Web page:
Skip to main content
Home / Resources / Blog / What’s the Difference between Anonymization and Redaction of Clinical Trial Data?

What’s the Difference between Anonymization and Redaction of Clinical Trial Data?

When it comes to disclosing data from clinical trials of investigational drugs to the public, the vernacular may seem just as confusing as the process! The terms “anonymization” and “redaction” are used interchangeably regarding transparency and disclosure of clinical trial data. But what are the differences in technique or method behind each? We may think of “anonymization” as assigning a patient a new subject ID, and “redaction” as black-boxing information we don’t want to disclose. But when do we use one approach over the other, and does Health Canada (HC) or European Medicines Agency (EMA) have a preference when it comes to meeting compliance requirements?

What is clinical trial data anonymization?

  • Anonymization is the process of removing values for variables which allow direct or indirect identification of a clinical trial volunteer from the data. “Anonymization” is the umbrella term for transforming or masking data whereas “redaction” is just one method of anonymization.
  • Clinical trial documents require anonymization. This can be performed retrospectively on a document that has already been published/submitted to a health authority and specific to the data contained in that document only. This can also be performed proactively on a document that is being submitted, what is required for European Union Clinical Trial Regulation (EU-CTR) submissions (read more about the challenges posed by EU-CTR in this blog).
  • Clinical datasets, as either SDTM or ADAM data, require anonymization. These datasets are used to write the clinical documents.
  • Anonymization requires a risk assessment to a predetermined threshold (often 0.09) to determine the probability of re-identification of a clinical trial volunteer. The number of data fields in the dataset requiring anonymization depends on the dataset’s risk score. Higher risk scores mean more fields must be anonymized. Often, a statistician will assist with determining this calculation.
  • Anonymization (excluding redaction) provides high data utility for scientists in the research community! Common anonymization methods include:
    • Generalization: Replace actual data values with a substitution value or numeric range. There are two types: character and numeric. Examples include banding on ages (i.e., 65 is replaced with 60-70) and generalization of countries (i.e., United States of America is replaced to North America)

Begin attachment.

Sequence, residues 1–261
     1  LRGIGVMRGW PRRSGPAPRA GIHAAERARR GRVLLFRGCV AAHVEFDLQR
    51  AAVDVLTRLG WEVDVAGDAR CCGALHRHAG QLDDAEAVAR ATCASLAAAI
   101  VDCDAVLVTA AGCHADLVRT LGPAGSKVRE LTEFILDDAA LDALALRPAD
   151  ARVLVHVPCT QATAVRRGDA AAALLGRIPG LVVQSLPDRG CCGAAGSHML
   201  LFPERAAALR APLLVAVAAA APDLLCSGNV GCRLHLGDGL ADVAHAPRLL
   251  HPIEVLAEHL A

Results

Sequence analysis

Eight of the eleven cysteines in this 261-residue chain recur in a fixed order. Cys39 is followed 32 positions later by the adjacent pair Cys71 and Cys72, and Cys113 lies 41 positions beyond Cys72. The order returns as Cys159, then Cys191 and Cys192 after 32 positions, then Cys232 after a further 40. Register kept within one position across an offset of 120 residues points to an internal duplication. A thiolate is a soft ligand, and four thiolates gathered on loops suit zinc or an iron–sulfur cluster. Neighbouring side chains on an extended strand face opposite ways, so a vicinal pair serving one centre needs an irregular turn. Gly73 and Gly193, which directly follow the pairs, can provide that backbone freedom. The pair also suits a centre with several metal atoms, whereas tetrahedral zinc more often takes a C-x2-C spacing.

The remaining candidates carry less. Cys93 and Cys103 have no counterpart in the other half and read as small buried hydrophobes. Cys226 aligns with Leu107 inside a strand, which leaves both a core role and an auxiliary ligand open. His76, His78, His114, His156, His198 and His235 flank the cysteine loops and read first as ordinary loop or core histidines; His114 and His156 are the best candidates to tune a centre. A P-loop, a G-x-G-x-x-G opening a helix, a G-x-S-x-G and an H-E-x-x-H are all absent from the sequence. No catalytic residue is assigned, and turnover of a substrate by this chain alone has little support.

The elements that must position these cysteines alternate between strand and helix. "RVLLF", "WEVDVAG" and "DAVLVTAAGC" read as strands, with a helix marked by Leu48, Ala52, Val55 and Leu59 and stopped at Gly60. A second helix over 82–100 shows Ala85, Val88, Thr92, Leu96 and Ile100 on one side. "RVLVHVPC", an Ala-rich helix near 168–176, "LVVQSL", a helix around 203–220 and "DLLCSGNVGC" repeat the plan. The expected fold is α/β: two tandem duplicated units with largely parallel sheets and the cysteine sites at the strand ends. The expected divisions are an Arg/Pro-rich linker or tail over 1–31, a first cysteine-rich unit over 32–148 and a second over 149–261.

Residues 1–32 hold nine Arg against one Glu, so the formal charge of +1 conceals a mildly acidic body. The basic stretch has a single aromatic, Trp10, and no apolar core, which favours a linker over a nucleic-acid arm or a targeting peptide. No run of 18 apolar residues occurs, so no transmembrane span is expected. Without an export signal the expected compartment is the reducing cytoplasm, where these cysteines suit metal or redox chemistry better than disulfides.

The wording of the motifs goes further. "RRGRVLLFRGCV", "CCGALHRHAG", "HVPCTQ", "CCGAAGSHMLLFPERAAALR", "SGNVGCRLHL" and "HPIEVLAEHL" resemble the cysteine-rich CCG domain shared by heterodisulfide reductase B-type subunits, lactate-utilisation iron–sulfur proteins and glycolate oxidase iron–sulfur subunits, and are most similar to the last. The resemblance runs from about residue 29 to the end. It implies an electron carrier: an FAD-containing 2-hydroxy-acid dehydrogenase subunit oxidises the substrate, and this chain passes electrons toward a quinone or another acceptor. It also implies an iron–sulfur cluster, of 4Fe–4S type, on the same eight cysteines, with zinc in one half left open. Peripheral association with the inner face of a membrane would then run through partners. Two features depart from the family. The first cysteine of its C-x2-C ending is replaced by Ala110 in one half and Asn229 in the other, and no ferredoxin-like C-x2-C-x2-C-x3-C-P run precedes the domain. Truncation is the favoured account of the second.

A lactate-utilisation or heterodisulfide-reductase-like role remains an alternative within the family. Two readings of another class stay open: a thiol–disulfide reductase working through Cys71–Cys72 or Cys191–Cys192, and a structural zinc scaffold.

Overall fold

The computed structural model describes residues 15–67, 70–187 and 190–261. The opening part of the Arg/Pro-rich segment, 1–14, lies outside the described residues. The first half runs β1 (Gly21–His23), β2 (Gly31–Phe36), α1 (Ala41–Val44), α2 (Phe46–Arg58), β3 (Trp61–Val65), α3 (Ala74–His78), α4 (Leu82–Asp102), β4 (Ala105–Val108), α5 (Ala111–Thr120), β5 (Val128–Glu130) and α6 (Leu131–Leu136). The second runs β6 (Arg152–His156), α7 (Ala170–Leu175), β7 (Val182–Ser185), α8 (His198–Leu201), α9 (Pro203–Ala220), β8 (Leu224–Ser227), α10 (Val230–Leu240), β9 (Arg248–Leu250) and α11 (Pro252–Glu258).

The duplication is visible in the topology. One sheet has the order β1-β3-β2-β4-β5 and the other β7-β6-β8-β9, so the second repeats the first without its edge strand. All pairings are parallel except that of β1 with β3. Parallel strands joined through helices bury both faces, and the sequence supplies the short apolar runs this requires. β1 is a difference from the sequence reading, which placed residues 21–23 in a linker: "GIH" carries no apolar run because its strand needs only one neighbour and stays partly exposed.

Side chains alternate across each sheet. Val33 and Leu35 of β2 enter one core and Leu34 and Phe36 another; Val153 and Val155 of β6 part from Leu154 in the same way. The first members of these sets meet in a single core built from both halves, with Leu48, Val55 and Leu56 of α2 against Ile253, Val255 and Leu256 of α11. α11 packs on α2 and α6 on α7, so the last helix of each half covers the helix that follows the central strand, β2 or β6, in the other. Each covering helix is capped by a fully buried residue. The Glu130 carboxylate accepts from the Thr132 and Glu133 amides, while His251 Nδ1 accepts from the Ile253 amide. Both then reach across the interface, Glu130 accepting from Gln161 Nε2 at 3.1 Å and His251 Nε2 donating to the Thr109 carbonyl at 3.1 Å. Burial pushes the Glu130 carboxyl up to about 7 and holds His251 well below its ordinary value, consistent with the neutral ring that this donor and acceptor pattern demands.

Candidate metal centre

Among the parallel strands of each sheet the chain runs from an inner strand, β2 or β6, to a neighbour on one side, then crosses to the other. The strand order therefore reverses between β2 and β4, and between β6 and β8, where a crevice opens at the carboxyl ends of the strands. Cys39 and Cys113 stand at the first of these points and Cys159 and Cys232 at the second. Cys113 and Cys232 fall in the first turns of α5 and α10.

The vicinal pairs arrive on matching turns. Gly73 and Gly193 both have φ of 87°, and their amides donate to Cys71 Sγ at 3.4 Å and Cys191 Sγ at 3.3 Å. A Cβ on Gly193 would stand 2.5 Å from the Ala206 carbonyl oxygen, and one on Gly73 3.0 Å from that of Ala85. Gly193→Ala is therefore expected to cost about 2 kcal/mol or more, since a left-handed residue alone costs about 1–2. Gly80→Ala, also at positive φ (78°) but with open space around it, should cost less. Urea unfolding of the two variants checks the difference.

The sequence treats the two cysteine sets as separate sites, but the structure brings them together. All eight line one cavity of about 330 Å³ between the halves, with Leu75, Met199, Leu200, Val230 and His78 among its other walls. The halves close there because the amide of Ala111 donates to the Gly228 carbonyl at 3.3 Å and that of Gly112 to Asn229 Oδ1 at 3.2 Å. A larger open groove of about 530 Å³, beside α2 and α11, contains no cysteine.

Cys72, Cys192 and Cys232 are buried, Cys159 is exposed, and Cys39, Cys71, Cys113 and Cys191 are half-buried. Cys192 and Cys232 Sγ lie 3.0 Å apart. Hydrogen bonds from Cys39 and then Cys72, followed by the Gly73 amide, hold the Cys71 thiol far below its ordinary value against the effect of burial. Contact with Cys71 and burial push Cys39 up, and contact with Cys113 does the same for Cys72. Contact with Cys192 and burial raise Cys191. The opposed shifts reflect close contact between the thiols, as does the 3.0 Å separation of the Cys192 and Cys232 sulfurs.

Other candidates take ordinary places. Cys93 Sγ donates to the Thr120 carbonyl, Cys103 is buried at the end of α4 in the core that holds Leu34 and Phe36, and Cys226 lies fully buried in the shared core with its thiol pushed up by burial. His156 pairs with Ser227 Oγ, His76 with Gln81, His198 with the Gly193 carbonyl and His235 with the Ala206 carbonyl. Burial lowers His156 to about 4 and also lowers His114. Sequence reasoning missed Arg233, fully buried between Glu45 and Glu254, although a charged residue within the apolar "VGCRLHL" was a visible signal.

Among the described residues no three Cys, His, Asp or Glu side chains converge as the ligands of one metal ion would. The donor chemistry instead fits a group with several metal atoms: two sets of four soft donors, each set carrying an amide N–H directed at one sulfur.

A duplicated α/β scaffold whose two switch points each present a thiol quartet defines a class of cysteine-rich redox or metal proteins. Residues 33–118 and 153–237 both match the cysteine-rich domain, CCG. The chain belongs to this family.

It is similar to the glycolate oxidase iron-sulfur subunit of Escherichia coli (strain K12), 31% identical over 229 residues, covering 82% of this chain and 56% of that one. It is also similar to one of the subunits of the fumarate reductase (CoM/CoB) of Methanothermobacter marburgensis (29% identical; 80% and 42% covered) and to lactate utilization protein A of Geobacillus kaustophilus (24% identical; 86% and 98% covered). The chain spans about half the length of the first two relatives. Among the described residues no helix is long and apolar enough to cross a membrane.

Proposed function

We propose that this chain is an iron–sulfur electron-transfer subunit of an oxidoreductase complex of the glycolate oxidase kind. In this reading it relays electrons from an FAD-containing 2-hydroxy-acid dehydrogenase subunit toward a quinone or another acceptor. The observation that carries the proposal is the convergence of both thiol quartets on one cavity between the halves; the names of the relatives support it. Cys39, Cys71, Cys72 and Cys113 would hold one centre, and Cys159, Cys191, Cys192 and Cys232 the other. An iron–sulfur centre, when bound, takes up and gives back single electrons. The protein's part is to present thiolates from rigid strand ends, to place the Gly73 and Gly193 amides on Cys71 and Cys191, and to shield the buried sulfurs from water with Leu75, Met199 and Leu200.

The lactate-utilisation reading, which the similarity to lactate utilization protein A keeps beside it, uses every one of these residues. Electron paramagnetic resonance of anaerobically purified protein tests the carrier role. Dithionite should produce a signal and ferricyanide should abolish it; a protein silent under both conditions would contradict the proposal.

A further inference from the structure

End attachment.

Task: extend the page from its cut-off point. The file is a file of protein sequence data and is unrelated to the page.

• Offset: Sets all First Date Collected values to the Anchor Date, and then shifts all other date variables to maintain respective offsets in relation to the First Date Collected. The following parameters must be identified:
      • Anchor Date (typically, a study milestone such as start date)
      • First Date Collected Domain (the domain in which First Date Collected exists)
      • First Date Collected Variable (the column representing First Date Collected)
    • Recoding: Overwrites actual values with a randomly generated value
    • Shuffling: Randomly moves values from one row to another. Examples include shuffling of patient IDs, with a priority on the relationship between original and anonymized values preserved across datasets for the same subject. Typically, the DM (Demographics) domain
    • Redaction: Masking a data field in a document with a black box, such that it is irreversibly blocked out. Individual data fields may be redacted using a Word tool, or entire pages or sections of documents using a Box tool (i.e., scanned pages, figures, listings). This method offers little to no data utility.

The draft EU-CTR guidance on the protection of personal protected data (PPD) and commercially confidential information (CCI) in documents uploaded and published in the Clinical Trial Information System (CTIS) states the main anonymization techniques are randomization and generalization. Often, these two techniques can be quickly and consistently applied to most all patient-specific data fields in a document, contained within the SDTM DM domain: SUBJID, AGE, SEX, RACE, ETHNICITY, COUNTRY.